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I just finished the install and setup process of systemd on my arch-linux system (2012.09.07). I uninstalled initscripts (and removed the configuration files).

What I want to do is create a service that can be started and stopped by a non-root user. The service is to start a detached screen session running rtorrent. However I want every user on the system who has set this service to start (enabled) to have a particular instance started for them specifically. How would one go about doing this?

I remember reading that systemd supports user instances of services, however I have been unable to find any information on how to set this up, or whether it relates to what I am looking for.

Service file that I have used for system:


ExecStart=/usr/bin/screen -d -m -S rtorrent /usr/bin/rtorrent
ExecStop=/usr/bin/killall -w -s 2 /usr/bin/rtorrent


After reading through the man pages here and here, I understand how systemd works a bit better. Specifically that using the User= and WorkingDirectory= options allow for the service to be started in a user's session. However the issue still remains that the user themselves can not start, stop, enable, or disable the service. An Access is denied error is given by systemctl.


First off, for simplification and for better use of systemd's user session (still somewhat incomplete) feature, I used sofar's user-session-units and followed his config advice.

It seems that there is a bug in the current version of DBus (1.6.4-1) in which it does not set the environment variable DBUS_SESSION_BUS_ADDRESS meaning using the systemctl --user command errors out with:

Failed to get D-Bus connection: Unable to autolaunch a dbus-daemon without a $DISPLAY for X11

The variable should look like this:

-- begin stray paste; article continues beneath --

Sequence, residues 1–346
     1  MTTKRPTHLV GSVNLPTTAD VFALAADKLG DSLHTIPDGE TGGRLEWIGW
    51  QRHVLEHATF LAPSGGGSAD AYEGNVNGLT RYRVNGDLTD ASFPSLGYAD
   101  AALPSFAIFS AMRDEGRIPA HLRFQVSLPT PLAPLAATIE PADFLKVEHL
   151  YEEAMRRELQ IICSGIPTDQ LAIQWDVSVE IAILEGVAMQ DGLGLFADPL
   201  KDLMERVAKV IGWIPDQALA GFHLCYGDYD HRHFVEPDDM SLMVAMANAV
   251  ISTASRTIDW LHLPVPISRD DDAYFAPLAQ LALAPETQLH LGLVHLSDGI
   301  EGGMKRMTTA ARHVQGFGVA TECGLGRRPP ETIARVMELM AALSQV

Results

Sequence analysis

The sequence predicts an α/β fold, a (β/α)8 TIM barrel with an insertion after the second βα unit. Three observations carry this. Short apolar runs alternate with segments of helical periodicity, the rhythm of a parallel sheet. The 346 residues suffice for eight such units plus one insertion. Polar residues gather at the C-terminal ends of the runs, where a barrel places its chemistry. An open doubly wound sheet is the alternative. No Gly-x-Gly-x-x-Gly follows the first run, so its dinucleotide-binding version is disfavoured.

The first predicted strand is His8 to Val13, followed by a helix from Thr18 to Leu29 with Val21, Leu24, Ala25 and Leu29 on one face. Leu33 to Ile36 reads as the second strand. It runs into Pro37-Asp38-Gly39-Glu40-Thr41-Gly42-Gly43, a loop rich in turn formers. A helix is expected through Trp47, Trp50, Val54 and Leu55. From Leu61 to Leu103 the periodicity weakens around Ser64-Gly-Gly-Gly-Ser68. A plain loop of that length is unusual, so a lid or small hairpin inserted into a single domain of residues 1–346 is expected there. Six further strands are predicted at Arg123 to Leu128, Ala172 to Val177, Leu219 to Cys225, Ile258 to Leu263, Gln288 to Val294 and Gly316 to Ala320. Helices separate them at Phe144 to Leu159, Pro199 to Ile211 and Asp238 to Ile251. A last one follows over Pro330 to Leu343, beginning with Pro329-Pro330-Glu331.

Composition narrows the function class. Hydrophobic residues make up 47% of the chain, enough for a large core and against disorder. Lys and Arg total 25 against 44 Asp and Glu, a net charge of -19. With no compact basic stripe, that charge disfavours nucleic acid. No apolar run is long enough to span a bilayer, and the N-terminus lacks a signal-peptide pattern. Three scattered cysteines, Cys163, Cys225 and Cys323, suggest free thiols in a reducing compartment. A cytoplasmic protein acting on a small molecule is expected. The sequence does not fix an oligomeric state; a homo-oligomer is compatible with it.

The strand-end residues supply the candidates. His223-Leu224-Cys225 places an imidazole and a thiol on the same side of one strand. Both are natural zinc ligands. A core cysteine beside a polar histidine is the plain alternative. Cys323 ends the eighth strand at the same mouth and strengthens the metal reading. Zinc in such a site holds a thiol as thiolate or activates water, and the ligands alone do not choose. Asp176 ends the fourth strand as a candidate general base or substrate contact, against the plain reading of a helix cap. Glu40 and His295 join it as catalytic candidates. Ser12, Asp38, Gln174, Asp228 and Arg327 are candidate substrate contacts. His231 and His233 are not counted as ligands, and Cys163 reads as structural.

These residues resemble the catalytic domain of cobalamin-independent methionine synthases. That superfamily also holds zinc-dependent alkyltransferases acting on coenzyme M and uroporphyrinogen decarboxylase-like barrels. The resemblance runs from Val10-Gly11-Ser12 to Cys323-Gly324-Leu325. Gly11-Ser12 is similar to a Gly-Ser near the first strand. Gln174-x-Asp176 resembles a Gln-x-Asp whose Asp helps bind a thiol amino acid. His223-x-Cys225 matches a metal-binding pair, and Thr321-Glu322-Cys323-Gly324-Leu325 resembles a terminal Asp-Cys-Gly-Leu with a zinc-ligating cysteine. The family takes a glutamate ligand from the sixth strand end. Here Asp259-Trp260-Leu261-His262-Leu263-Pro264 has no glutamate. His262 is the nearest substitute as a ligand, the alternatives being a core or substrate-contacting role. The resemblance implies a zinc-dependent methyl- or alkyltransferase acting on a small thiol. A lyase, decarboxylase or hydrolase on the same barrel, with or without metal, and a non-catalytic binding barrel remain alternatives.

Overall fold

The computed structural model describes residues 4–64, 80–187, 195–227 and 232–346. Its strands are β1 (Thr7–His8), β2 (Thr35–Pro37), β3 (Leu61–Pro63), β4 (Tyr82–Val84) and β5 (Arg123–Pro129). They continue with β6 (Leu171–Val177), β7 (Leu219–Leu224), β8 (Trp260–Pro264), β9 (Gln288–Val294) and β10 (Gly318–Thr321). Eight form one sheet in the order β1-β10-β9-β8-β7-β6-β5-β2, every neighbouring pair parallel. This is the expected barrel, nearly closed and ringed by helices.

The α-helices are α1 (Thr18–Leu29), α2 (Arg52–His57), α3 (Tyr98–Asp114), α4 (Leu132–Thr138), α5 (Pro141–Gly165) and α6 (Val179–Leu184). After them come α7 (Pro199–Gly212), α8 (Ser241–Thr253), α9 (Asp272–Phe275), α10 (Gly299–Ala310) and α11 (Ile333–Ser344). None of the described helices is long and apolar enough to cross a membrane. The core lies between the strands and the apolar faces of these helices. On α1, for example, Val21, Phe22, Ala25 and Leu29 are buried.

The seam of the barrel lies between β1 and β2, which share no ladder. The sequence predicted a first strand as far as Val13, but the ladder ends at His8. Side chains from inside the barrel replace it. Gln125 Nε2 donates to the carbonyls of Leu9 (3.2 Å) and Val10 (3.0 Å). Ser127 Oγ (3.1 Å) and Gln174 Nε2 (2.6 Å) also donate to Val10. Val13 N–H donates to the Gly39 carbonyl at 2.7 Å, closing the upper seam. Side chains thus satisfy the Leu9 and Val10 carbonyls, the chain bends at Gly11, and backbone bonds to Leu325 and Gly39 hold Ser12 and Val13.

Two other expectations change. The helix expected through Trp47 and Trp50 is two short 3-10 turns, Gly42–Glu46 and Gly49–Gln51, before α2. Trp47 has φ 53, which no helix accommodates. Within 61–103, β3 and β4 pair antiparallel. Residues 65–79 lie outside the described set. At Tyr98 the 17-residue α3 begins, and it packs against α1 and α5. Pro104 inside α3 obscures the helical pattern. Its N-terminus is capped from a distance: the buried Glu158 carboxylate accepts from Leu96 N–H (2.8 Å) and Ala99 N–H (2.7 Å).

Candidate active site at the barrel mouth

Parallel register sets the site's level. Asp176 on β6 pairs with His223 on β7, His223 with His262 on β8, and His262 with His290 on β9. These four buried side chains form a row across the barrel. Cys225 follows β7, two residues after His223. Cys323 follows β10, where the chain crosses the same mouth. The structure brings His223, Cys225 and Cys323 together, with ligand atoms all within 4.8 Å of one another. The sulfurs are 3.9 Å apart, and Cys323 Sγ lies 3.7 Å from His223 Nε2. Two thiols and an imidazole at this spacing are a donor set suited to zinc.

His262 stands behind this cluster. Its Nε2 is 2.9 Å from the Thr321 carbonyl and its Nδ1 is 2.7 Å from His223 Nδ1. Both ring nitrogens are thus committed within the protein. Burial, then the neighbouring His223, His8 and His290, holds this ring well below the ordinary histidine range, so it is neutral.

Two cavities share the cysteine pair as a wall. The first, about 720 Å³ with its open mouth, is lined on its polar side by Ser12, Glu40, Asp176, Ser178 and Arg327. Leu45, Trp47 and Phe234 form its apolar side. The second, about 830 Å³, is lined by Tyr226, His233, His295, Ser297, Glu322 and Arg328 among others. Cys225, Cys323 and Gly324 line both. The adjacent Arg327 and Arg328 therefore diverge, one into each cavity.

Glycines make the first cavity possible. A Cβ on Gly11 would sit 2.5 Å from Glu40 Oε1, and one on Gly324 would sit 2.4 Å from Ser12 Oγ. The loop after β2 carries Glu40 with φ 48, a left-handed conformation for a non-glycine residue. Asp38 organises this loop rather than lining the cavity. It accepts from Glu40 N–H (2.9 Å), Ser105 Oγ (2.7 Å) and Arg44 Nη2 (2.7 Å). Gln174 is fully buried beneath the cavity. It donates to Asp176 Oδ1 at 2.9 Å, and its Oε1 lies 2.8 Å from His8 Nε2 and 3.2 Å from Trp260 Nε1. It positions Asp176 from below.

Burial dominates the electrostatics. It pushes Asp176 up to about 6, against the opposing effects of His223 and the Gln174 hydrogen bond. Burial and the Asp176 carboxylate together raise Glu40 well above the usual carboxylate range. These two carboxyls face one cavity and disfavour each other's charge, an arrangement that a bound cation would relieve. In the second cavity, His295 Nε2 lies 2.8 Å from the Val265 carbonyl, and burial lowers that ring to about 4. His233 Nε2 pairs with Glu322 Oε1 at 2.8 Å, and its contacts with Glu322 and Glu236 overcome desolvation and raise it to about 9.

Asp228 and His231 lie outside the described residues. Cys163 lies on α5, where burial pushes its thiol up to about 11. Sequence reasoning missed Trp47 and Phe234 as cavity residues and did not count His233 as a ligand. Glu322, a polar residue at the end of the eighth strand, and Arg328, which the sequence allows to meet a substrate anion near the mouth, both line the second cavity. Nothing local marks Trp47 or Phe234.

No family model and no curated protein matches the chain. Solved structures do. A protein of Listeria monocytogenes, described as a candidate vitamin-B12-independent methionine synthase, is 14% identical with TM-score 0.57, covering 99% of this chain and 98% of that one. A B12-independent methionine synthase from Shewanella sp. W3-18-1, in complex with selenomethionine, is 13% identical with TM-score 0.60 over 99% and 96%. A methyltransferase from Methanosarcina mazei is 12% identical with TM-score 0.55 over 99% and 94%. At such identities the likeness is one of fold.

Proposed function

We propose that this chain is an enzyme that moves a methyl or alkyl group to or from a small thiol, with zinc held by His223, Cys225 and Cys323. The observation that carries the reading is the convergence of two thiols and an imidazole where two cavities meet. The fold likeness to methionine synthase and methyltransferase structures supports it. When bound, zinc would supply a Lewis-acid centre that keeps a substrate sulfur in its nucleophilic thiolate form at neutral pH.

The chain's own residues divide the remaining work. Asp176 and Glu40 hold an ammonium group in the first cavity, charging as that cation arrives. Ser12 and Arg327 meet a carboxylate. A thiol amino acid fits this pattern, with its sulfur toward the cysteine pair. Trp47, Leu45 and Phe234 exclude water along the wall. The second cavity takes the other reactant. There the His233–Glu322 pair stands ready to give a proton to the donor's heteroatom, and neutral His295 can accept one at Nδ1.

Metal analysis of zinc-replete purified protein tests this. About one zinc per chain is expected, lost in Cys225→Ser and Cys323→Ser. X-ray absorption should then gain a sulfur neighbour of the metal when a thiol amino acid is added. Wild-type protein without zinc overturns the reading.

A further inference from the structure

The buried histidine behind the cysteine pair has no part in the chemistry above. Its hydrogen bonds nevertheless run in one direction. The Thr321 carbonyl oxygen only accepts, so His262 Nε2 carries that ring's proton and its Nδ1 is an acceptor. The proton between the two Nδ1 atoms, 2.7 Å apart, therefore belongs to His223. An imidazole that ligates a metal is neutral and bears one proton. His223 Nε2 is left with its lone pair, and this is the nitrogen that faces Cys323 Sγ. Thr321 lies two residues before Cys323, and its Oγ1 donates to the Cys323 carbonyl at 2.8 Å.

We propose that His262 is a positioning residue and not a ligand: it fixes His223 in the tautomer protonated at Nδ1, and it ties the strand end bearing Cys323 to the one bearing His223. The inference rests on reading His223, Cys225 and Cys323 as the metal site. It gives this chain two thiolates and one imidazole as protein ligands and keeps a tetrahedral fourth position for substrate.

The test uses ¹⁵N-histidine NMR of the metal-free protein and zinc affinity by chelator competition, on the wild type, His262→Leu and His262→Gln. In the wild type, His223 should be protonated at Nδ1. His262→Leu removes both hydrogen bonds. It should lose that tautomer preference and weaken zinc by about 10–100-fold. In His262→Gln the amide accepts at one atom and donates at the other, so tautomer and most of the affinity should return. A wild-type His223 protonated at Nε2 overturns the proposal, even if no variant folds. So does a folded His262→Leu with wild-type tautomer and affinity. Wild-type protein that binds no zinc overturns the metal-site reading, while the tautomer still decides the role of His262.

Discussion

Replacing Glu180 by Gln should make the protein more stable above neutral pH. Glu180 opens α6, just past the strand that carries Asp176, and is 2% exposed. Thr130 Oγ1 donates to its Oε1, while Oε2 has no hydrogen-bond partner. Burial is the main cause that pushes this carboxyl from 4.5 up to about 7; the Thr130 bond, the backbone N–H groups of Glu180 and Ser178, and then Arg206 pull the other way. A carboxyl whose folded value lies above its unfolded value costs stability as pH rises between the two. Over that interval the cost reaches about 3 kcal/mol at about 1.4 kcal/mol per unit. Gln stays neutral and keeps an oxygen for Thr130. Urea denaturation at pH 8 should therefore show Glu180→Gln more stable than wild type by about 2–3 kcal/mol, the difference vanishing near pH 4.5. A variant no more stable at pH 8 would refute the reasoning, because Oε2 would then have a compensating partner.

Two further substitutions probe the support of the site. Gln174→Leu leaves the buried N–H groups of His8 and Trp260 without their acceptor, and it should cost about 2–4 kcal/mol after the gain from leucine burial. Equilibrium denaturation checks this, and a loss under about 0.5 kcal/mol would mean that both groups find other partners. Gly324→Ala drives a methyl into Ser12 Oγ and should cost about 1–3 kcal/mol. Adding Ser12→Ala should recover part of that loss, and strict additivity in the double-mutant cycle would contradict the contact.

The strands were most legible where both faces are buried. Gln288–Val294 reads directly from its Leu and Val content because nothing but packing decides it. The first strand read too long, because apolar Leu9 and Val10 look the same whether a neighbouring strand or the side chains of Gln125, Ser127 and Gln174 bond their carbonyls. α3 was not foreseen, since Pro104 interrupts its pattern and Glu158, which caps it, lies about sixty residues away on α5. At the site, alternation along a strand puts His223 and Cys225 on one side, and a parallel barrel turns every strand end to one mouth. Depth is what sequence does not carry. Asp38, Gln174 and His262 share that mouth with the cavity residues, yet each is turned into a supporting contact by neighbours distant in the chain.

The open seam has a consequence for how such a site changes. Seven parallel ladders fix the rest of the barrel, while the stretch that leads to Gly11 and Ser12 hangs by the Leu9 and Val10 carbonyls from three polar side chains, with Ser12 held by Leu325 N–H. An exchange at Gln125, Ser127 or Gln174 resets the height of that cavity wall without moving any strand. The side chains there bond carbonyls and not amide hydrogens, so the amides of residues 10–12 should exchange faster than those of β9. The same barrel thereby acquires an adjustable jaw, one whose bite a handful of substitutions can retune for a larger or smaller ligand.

where USERUID needs to be the UID of the given user.

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I realize that one could create a separate service file per user, and simply enable it. However I just want to know if it could be possible the way I have described it above. –  Hans Sep 17 '12 at 23:34
Fair enough, I could simple setup sudo for the users and have them, as mentioned in my comment above, control their own service file. However this solution would allow the user to control most other services as well... –  Hans Sep 19 '12 at 11:10
It wouldn't, if you had read sudo's documentation – sudoers(5) has many examples on restricting a command's arguments. –  grawity Sep 20 '12 at 12:23

1 Answer 1

up vote 11 down vote accepted

systemd normally does not allow ordinary users to start system services. While it does support giving access via polkit, that part is still somewhat lacking, and you cannot yet allow only one specific service.

Since rtorrent is not actually a system service, and because you want every user to have their own instance of rtorrent, experiment with systemd's "user" mode.

When you log in, the system will start a user@<uid>.service system unit for you, which will launch a separate "--user" instance of systemd. The new user-systemd will read unit files (starting with from ~/.config/systemd/user/, /etc/systemd/user/ and /usr/lib/systemd/user/.

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Thanks grawity, that was basically what I was missing. However it also turns out to have been a DBus problem as well: there seems to be a bug in dbuse that doesn't set the correct global variable DBUS_SESSION_BUS_ADDRESS for a given user, so systemctl can't access the user session, it errors our. Once I figured out this small problem, everything else works beautifully! –  Hans Sep 25 '12 at 10:05
@Hans: Yes, there's a patch for that. –  grawity Sep 25 '12 at 12:42

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